Cyclists are fragile and vulnerable road users

Editor, The Record:

Having been too late to successfully submit a letter on the subject, two weeks ago I found myself agreeing heartily with Mr. Muir’s letter asking questions about the painting of bicycles on our roadways and the erection of (no doubt expensive) accompanying roadside signs.

Last week, I read Clint Coffey’s comments with interest. Mr. Coffey makes a series of observations to support his contention that Mr. Muir’s concerns about cyclists’ safety are nonsensical and patronizing.

Just to be clear for Mr. Coffey, I consider myself apolitical but consistently in opposition to any politically motivated actions which make little sense. Mr. Coffey levels the accusation of political motivation at Mr. Muir, however I must say that to me his own letter smacks far more loudly of politics and has much more of a “campaign” feel to it.

Mr. Coffey compares Highway 1 to our suburban and rural roads when addressing the idea of cycle lanes. Frankly, the comparison is a little ridiculous and disingenuous at best. There really is no realistic comparison between a multi-lane highway and our city’s streets, and we might just as well compare cycling accident statistics between the two road types to the same pointless end.

Mr. Coffey states that cyclists “stay safe” by using sensible defensive strategies and I agree with him — unless, of course, those cyclists are young or inexperienced, otherwise vulnerable due to physical limitations (for example, less fit and therefore often less aware), or the victims of poor driving, all of which are regular factors in bicycle accidents.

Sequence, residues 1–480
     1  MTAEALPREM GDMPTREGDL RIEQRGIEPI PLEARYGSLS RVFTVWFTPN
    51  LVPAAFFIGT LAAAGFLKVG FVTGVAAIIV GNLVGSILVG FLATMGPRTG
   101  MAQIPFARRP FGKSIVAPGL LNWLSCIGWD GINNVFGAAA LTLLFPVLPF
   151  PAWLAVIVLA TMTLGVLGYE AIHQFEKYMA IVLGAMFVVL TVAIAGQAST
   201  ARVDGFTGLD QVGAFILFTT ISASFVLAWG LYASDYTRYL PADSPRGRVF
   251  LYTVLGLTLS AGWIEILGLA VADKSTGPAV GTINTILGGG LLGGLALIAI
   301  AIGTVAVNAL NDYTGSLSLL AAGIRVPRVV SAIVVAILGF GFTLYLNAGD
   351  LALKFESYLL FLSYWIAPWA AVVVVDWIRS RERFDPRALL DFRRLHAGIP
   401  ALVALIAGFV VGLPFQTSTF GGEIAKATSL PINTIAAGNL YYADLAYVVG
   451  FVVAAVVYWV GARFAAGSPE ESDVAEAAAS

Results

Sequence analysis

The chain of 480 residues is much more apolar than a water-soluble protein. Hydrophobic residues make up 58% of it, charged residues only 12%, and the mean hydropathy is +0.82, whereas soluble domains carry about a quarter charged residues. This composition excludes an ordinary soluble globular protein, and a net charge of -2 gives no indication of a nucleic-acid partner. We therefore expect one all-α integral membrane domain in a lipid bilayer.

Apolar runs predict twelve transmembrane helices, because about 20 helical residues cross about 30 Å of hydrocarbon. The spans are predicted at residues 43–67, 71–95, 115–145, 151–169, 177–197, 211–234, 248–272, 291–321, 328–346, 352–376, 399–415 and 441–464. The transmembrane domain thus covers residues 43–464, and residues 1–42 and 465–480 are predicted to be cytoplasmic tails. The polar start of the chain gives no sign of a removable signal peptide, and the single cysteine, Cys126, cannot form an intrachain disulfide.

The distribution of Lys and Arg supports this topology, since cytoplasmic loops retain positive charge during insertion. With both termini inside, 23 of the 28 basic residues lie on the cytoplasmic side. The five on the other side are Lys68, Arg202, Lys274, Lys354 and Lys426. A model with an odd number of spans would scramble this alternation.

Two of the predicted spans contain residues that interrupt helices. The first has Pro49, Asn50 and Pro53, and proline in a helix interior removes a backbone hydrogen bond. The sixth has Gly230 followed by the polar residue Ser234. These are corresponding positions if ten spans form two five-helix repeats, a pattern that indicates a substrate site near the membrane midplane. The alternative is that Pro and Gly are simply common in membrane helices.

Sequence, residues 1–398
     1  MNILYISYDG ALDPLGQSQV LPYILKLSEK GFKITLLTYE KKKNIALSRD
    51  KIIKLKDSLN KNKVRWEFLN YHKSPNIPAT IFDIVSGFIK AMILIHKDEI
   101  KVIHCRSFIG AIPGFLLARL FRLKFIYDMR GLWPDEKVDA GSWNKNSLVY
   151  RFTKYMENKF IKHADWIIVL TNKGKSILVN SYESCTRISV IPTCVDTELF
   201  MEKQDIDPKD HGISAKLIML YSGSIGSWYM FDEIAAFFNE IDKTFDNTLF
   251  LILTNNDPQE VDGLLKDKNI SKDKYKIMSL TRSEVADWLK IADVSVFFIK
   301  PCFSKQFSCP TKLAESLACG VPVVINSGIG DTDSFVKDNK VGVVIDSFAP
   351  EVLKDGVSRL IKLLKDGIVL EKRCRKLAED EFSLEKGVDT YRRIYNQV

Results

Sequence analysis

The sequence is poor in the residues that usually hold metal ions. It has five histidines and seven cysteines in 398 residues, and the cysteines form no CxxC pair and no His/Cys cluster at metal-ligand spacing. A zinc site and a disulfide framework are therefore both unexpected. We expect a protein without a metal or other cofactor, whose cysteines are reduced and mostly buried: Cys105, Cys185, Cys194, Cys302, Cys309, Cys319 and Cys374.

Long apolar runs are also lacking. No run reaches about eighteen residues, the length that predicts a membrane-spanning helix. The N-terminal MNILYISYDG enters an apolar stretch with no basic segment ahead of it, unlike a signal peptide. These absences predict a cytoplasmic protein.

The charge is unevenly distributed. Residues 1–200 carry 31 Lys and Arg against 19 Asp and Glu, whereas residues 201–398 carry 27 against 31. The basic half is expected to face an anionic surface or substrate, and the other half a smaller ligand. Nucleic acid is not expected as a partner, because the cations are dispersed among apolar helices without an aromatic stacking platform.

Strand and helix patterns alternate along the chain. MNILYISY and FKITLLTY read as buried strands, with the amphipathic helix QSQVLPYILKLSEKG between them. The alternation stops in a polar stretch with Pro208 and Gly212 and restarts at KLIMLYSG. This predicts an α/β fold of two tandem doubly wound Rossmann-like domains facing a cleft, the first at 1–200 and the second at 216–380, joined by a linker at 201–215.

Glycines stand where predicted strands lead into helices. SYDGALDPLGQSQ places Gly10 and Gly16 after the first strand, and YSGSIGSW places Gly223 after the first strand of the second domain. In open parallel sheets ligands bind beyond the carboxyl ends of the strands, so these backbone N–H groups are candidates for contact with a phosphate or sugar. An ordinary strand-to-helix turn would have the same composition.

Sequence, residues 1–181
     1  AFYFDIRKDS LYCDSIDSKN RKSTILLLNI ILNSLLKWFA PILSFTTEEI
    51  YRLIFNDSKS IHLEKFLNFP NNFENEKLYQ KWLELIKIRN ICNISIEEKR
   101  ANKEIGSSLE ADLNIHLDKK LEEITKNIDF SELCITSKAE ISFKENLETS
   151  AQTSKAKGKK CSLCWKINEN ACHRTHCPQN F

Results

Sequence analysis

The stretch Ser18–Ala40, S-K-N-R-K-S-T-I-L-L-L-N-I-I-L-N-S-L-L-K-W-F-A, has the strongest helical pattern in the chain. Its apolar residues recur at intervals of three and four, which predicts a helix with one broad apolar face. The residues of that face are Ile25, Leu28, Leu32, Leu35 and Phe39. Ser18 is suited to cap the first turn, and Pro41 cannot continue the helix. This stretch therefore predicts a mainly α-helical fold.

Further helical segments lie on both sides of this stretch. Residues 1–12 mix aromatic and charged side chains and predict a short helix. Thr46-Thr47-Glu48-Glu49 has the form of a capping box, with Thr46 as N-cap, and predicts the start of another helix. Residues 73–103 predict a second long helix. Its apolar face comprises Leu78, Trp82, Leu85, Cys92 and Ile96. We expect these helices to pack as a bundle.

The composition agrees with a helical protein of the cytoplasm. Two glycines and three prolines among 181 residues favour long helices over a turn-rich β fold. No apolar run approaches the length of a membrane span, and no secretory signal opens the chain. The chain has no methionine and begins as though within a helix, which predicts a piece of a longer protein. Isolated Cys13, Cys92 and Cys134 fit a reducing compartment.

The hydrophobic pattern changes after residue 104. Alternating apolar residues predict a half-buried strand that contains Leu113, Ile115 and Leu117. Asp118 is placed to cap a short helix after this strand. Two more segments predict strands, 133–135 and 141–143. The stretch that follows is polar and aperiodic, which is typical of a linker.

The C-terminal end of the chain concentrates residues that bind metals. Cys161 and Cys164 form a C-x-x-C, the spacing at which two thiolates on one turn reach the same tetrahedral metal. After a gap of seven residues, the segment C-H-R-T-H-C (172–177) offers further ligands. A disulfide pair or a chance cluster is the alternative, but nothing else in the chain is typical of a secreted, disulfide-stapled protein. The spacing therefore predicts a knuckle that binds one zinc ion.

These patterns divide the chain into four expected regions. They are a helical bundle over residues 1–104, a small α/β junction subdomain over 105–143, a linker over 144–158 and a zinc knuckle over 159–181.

As someone who has policed much busier (and also quieter) roads than ours in the past, and dealt with thousands of road accidents, I can assure Mr. Coffey that cyclists are indeed comparatively fragile and hugely vulnerable road users, despite his own apparent feeling of security during his daily commute.

Defensive riding is a very useful strategy, but anything that improves the protection afforded to cyclists (such as clearly marked bike lanes) is surely a positive step.

I wonder if this issue is being deliberately diverted. The bicycle signs and road markings are in my opinion ineffective and inappropriate, and the debate about the use of public resources (local, provincial or federal) to create them is absolutely logical.

How could, as Mr. Coffey asserts, such discussion be a “disservice to logic?” These signs and paintings do little or nothing to create a climate of safety, whereas a properly researched, designed and implemented system of bike-only lanes would genuinely provide road space specifically for our most vulnerable flow-of-traffic road users.

As an example of the wastage this project represents, in a several hundred metre section of Dewdney Trunk Road between Ferndale Avenue and Tunbridge Avenue, there are four sets of these signs within view of each other!

This nonsense is in comparison to the fine piece of work that is the three-way stop that has now finally been created at the intersection of Ferndale Avenue and Dewdney Trunk Road, immeasurably improving the safety of that section of the public road — money well spent.

As for the accusation of patronizing the cycling public, given a choice between feeling patronized and getting to my destination in one piece or feeling ignored and broken at the side of the road, I know which I’d prefer.

Leo Simmons